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Effects of hormone replacement therapy on glucose and lipid metabolism in peri- and postmenopausal women with a history of menstrual disorders

Abstract

Background

Previous studies have indicated that women with a history of menstrual disorders have an increased risk of metabolic and cardiovascular diseases. This has been attributed to the high proportion of polycystic ovary syndrome (PCOS) among this group. The favorable effects of hormone replacement therapy (HRT) on serum lipid profiles and glucose homeostasis in postmenopausal women is widely accepted. Whether HRT can also show positive effects on metabolic homeostasis in menopausal women with prior menstrual disorders (a putative PCOS phenotype) has not been reported yet. The aim of the study was to compare the effects of HRT on glucose and lipid metabolism in peri- and postmenopausal women with prior menstrual disorders and controls who did not have prior menstrual disorders.

Methods

A retrospective multicenter study was conducted including 595 peri- and postmenopausal women who received HRT at four hospitals in the Zhejiang Province from May 31, 2010 to March 8, 2021. Participants were divided into the Normal menstruation group and the Menstrual disorders group according to their prior usual menstrual cycle pattern. Glucose and lipid metabolism indicators were assessed at baseline and after HRT. The results were compared between and within the groups, and data from peri- and postmenopausal women were analyzed separately.

Results

HRT significantly decreased fasting insulin and homeostasis model assessment of insulin resistance in perimenopausal users, and fasting plasma glucose levels in postmenopausal users with prior menstrual disorders, compared with baseline. Furthermore, HRT decreased low-density lipoprotein cholesterol, total cholesterol, fasting insulin, fasting plasma glucose and homeostasis model assessment of insulin resistance in both peri- and postmenopausal controls, compared with baseline. Nevertheless, no significant differences were observed in any of the glucose or lipid metabolism indicators at baseline and follow-up, as well as changes from baseline levels between menopausal women with and without prior menstrual disorders.

Conclusions

HRT shows more obvious within-group improvements in glucose and lipid metabolism in controls, but there is no significant between-group difference. Further prospective studies are required for confirmation.

Peer Review reports

Introduction

Menstrual irregularity is frequently considered a sign of ovulatory dysfunction and underlying insulin resistance [1,2,3]. Oligomenorrhea is correlated with hyperinsulinemia and increased risk of diabetes mellitus [2, 4, 5]. These phenomena may reflect polycystic ovary syndrome (PCOS), a frequent cause of oligomenorrhea [6, 7]. The syndrome frequently affects young women but can affect women of all ages. According to the Rotterdam criteria, the diagnostic criteria of PCOS are polycystic ovaries (≥12 follicles (2–9 mm) in at least one ovary, and/or increased ovarian volume > 10 ml), anovulation, and clinical or biochemical hyperandrogenism [8]. PCOS have increased rates of multiple metabolic disturbance, such as dyslipidemia, impaired glucose tolerance, insulin resistance, and diabetes mellitus [9,10,11]. As the classic phenotype of PCOS improves with aging, identifying menopausal women with PCOS becomes difficult [12, 13]. Thus far, a specific phenotype for PCOS in women beyond reproductive age is not fully understood [13].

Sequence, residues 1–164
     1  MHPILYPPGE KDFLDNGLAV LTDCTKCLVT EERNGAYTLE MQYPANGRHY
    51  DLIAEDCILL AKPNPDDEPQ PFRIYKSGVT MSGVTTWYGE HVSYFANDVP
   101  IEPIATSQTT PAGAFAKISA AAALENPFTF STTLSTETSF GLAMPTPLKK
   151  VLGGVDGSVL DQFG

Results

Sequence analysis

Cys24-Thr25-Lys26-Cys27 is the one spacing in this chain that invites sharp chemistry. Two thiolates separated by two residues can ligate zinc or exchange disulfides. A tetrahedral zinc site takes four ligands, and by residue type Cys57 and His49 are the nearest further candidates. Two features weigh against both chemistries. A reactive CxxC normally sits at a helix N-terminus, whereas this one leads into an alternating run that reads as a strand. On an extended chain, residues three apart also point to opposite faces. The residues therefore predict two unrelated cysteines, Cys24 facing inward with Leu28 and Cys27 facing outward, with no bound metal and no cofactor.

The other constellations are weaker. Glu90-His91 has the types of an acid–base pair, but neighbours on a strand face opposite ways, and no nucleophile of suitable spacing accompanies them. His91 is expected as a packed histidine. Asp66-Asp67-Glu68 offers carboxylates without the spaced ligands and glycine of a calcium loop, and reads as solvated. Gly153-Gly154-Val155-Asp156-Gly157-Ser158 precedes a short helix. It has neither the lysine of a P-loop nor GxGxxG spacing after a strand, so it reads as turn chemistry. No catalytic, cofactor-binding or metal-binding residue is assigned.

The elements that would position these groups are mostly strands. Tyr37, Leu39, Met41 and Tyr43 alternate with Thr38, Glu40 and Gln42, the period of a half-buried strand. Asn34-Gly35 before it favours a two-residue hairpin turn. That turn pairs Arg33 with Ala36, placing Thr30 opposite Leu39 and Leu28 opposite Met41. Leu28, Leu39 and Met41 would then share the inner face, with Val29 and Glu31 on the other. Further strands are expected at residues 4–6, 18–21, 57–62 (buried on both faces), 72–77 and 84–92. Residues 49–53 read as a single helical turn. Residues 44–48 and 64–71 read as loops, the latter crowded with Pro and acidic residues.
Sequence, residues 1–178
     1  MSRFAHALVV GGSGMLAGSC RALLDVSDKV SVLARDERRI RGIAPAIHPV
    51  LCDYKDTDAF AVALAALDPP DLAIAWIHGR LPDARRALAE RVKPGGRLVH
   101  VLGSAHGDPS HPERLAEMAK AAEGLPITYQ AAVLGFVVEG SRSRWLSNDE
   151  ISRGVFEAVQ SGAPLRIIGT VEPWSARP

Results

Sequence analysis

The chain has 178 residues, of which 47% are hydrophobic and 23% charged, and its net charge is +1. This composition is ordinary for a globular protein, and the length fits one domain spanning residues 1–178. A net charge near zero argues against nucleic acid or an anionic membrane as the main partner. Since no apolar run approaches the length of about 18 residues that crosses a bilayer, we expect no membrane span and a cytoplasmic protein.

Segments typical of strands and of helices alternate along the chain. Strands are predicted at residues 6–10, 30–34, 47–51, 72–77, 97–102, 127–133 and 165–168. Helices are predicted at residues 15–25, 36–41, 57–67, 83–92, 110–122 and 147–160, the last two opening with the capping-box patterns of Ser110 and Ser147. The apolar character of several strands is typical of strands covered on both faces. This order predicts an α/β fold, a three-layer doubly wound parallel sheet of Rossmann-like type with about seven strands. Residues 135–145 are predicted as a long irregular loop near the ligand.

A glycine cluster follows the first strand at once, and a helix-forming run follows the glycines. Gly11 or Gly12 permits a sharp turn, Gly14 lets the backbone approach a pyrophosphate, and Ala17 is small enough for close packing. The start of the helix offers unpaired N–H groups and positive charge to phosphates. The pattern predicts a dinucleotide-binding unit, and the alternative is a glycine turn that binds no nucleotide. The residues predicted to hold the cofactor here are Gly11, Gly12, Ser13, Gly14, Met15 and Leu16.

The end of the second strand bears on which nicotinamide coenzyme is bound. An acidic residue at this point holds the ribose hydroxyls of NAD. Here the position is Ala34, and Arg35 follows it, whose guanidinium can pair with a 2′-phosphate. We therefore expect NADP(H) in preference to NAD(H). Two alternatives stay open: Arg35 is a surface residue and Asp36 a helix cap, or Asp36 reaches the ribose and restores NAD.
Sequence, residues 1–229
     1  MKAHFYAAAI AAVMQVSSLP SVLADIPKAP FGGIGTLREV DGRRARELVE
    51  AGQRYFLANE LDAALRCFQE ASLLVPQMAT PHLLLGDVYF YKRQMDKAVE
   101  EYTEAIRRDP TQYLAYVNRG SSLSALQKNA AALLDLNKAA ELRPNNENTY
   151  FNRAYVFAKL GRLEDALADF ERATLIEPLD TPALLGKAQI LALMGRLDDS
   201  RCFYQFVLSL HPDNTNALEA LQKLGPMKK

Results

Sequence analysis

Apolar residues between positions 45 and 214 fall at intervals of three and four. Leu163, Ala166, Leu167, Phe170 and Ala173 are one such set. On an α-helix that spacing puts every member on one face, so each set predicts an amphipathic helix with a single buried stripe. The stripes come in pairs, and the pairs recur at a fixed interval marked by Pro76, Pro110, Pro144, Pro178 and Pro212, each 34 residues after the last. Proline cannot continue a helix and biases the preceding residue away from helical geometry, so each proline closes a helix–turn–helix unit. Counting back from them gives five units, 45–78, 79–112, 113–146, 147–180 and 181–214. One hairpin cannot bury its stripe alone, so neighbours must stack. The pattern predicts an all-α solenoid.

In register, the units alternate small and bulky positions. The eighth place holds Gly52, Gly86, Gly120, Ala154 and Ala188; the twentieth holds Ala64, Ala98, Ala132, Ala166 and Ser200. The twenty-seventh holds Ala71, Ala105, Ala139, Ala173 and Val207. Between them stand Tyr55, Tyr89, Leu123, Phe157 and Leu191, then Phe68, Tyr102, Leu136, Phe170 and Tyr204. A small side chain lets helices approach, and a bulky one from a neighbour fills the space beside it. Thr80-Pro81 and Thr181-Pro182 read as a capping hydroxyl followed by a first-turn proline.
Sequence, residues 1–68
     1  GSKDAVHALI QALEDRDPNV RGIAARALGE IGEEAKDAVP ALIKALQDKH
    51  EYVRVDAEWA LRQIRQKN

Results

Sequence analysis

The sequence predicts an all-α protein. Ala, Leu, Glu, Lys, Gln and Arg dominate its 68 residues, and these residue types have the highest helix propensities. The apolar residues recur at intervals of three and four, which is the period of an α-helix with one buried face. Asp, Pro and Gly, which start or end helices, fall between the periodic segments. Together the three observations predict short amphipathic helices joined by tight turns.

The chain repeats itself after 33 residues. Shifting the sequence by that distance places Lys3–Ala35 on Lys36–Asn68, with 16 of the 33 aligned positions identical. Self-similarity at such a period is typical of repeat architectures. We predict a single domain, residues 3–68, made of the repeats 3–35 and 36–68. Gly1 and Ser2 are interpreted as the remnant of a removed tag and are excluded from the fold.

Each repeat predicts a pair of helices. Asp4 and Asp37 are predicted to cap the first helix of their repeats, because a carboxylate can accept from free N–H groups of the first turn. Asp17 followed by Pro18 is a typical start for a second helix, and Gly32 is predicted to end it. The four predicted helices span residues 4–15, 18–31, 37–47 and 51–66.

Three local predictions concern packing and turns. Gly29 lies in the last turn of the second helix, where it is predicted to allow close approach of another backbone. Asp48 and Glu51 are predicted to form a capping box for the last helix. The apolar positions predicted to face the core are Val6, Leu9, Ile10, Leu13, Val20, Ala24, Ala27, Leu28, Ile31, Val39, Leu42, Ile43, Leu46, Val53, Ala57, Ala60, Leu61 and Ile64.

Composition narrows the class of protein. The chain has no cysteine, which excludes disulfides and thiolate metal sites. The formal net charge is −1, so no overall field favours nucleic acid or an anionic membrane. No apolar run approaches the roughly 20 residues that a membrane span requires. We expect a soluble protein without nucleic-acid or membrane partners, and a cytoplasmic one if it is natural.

Menopause is characterized by a wide array of clinical symptoms, which are attributed to the decline and ultimate cessation of ovarian function [14]. Previous study has shown that estrogens play cardiovascular-protective roles in the premenopausal woman, their decline during the menopausal transition leads to an increased prevalence of cardiovascular disease (CVD) [15]. The alterations of the lipid profiles during perimenopause and after menopause is a major constituent contributing to CVD [16].

Up to now, extensive studies consistently demonstrated that hormone replacement therapy (HRT) was an effective method to relieve climacteric symptoms and several long-term complications due to low estrogen, such as osteoporosis, dyslipidemia, and cardiovascular disease [17,18,19,20,21,22,23,24,25]. However, whether the use of HRT can also show favorable effects on metabolic homeostasis in peri- and postmenopausal women with a history of menstrual disorders (a putative PCOS phenotype) has not been reported yet. Therefore, the purpose of this research was to compare the effects of HRT use on glucose and lipid metabolism in peri- and postmenopausal women with a history of menstrual disorders and controls who did not have prior menstrual disorders.

Methods

Study subjects and design

This was a multicenter retrospective study conducted in the gynecologic endocrinology clinics at four hospitals in Zhejiang Province from May 31, 2010 to March 8, 2021. These centers included Women’s Hospital, Zhejiang University School of Medicine, Hangzhou; Maternal and Child Health & Family Planning Service Center, Gongshu District, Hangzhou; Maternal and Child Health Hospital, Tongxiang, Zhejiang; Maternal and Child Health Hospital, Jiangbei District, Ningbo. Women seeking treatment for climacteric symptoms were asked to complete structured questionnaires to obtain data including sociodemographic characteristics, menstrual and reproductive history, disease and medication history, as well as surgery therapy history if any. Simultaneously, they received a thorough clinical evaluation, including physical and gynecological examinations, transvaginal ultrasonography, breast ultrasound or mammography and laboratory evaluations. All participants must have had an indication for HRT and received HRT for 6–12 months. The assessments were carried out at baseline and after therapy. For women with multiple follow-ups during this period, the last follow-up data were chosen to maximise the follow-up time. As different HRT regimens can affect results, we only included women taking oral estrogen. Participants were excluded if they reported (i) pregnancy or lactation, (ii) having contraindication for HRT, (iii) a history of using estrogen and progestogen, (iv) current or past history of malignancies, (v) a history of chemotherapy or radiotherapy, (vi) diagnosis of any severe systematic or major organ diseases (vii) a history of other endocrine diseases such as premature ovarian insufficiency, hyperprolactinemia, thyroid dysfunction that may cause menstrual disorders, (viii) psychological disorders and psychiatric illness (schizophrenia, depression), (ix) chromosomal diseases such as Turner syndrome, (x) a history of autoimmune disorders, (xi) allergy to any ingredients of the HRT, (xii) had missing or incomplete data at baseline and after treatment, (xiii) received other HRT regimens besides oral estrogen. Ethical approval was obtained from the Ethics Committee of Women’s Hospital, Zhejiang University School of Medicine. All participating women provided written informed consent for this study.